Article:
The real charm of cinema for a viewer lies in the theatrical and congregational experience; a large screen, high-quality audio, movie popcorn and a crowd of people are essential to movie enjoyment.
Unfortunately, this picture is largely absent in Peshawar since the arrival of tele-dramas – the final nail in the coffin for Pashto films. Tele-dramas (similar to tele-theatre and long plays that were initially aired on PTV) are a mixture of drama and film, which incorporate song and dance but are longer in duration than dramas.
The DVDs of these tele-dramas are available at cheap price at CD shops, can be copied to cell phone memory cards by mobile shop owners and are also aired on TV by local cable operators. This availability has allowed them to spread like wildfire in Peshawar, burning behind whatever is left of the Pashto film industry. The power of cheap entertainment at home has led the locals and hujras to stay home and watch tele-dramas instead of going to the cinema.
A director’s perspective
“The tele-drama industry has declined a little due to piracy issues in Afghanistan and Pakistan,” says Farhad Ahmad, a tele-drama director. “Up until last year, more than 50,000 copies of tele-dramas were sold on average.”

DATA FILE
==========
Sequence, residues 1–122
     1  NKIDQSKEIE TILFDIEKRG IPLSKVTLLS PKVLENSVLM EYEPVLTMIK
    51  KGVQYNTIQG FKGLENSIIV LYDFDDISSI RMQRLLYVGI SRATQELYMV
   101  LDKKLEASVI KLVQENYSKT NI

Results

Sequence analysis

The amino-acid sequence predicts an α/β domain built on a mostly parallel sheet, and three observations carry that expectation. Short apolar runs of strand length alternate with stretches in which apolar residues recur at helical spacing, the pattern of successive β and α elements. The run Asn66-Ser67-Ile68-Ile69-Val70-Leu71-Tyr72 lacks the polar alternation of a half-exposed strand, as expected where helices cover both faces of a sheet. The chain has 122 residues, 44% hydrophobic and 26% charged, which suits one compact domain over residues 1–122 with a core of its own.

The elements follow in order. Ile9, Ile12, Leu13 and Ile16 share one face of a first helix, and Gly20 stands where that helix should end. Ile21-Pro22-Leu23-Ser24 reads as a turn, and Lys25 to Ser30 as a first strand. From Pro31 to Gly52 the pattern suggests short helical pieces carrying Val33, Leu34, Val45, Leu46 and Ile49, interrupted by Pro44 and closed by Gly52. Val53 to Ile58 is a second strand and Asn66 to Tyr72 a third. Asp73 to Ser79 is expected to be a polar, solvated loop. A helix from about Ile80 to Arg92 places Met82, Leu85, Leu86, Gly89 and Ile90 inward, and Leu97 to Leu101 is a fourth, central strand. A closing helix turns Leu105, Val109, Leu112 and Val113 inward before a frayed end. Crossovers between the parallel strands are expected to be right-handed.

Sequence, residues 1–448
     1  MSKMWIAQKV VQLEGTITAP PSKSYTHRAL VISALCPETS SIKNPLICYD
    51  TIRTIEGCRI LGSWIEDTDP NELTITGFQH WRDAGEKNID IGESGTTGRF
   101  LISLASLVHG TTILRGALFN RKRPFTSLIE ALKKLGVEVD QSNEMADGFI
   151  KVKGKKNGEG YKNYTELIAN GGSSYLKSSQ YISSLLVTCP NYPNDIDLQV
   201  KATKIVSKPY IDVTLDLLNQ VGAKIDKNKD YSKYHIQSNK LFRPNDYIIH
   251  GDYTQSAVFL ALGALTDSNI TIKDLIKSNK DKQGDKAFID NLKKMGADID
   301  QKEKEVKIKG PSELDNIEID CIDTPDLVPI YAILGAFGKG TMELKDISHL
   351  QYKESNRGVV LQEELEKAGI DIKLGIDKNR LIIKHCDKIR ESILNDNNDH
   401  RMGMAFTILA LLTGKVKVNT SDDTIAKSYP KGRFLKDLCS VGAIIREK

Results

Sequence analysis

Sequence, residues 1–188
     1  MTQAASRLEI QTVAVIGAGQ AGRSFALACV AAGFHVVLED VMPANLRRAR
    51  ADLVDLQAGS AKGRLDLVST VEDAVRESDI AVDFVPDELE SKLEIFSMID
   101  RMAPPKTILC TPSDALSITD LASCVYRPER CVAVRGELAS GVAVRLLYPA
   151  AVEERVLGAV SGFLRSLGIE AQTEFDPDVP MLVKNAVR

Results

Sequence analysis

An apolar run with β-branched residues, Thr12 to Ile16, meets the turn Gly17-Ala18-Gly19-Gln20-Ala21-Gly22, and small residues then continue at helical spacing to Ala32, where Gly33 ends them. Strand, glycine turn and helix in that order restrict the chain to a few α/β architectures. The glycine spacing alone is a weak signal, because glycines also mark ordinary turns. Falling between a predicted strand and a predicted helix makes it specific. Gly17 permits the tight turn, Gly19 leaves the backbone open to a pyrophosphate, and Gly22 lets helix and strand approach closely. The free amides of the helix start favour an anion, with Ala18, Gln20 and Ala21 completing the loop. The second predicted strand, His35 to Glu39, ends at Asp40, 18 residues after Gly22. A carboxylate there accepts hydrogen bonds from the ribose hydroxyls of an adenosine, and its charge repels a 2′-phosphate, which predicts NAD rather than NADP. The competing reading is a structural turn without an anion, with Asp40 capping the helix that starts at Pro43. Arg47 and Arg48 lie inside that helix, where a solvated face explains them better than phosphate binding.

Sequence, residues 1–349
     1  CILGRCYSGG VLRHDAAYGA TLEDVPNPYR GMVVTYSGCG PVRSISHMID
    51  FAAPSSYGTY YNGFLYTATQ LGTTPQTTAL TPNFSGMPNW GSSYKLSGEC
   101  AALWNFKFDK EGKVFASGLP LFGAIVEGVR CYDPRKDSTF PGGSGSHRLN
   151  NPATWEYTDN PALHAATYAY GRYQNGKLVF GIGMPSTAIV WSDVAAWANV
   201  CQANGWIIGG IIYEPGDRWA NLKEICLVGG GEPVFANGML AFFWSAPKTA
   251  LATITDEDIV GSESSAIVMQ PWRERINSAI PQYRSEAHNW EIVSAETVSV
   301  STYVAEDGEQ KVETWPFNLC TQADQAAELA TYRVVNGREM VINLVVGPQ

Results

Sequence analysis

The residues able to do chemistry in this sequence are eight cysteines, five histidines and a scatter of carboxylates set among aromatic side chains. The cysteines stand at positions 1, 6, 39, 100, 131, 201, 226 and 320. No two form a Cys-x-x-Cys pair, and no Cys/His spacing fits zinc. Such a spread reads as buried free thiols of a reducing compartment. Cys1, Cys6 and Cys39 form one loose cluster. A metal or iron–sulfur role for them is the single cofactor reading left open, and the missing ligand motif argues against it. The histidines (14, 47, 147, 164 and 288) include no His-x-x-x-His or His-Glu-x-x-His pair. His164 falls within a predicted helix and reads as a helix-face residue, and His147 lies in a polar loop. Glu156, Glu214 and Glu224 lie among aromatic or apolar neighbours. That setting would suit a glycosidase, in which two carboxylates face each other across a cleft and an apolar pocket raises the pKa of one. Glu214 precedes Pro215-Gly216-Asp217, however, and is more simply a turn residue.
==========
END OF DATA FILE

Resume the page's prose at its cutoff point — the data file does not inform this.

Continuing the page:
“We are losing the congregational space of a cinema but making films for television has actually made directors more cautious about the kind of stories they narrate as they are now catering to Pathan families and not to a bunch of angry, frustrated men,” he elaborates.
Saadullah Jan Barq, one of the finest and oldest Pashto film and television writers, feels that this is the ideal time for tele-drama directors to capture the current audience. He feels that directors should go the extra mile and transform this industry into mainstream entertainment, as Pashto cinema is on the verge of dying. “Tele-dramas have the potential to completely replace Pashto cinema from its roots,” Barq told The Express Tribune. “It’s cheap, safe and equally entertaining.” He emphasised that the real challenge for the tele-drama industry is to continue to bring in innovative and diverse ideas. Additionally, in order to avoid forming stereotypes like Pashto cinema, the directors will have to be on their toes.
Barq further adds that unless a director like Shoaib Mansoor comes to the rescue, Pashto cinema will easily be destructed by the flood of tele-dramas. “It’s sad but true and has pretty much already happened,” he says regretfully.
The concept of tele-dramas was introduced early on in the year 2000 but became a multi-million-rupee industry later on when prominent actors of the Pashto film industry such as Arbaaz and Jahangir Khan entered the tele-drama industry.
“In a cinema, it takes Rs1,000 to entertain five people whereas it takes only a Rs50 CD in the case of a tele-drama,” Ashfaq Ahmed, a shop owner at Nishtarabad CD Market tells The Express Tribune. “These are dramas that can be comfortably seen with the whole family, so why shouldn’t one opt for them?”
Published in The Express Tribune, July 31st, 2012.